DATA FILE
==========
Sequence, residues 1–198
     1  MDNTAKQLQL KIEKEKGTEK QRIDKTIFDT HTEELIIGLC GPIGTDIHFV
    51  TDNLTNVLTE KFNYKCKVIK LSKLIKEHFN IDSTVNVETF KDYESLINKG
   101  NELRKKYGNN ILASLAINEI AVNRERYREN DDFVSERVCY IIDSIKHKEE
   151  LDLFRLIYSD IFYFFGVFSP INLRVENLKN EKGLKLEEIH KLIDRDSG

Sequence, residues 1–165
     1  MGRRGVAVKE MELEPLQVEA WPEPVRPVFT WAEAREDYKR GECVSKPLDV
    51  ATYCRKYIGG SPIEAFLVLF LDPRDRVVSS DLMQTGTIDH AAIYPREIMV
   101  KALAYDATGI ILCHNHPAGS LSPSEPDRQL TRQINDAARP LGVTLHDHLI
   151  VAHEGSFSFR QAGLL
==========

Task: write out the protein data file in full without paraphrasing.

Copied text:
Sequence, residues 1–198
     1  MDNTAKQLQL KIEKEKGTEK QRIDKTIFDT HTEELIIGLC GPIGTDIHFV
    51  TDNLTNVLTE KFNYKCKVIK LSKLIKEHFN IDSTVNVETF KDYESLINKG
   101  NELRKKYGNN ILASLAINEI AVNRERYREN DDFVSERVCY IIDSIKHKEE
   151  LDLFRLIYSD IFYFFGVFSP INLRVENLKN EKGLKLEEIH KLIDRDSG

Sequence, residues 1–165
     1  MGRRGVAVKE MELEPLQVEA WPEPVRPVFT WAEAREDYKR GECVSKPLDV
    51  ATYCRKYIGG SPIEAFLVLF LDPRDRVVSS DLMQTGTIDH AAIYPREIMV
   101  KALAYDATGI ILCHNHPAGS LSPSEPDRQL TRQINDAARP LGVTLHDHLI
   151  VAHEGSFSFR QAGLL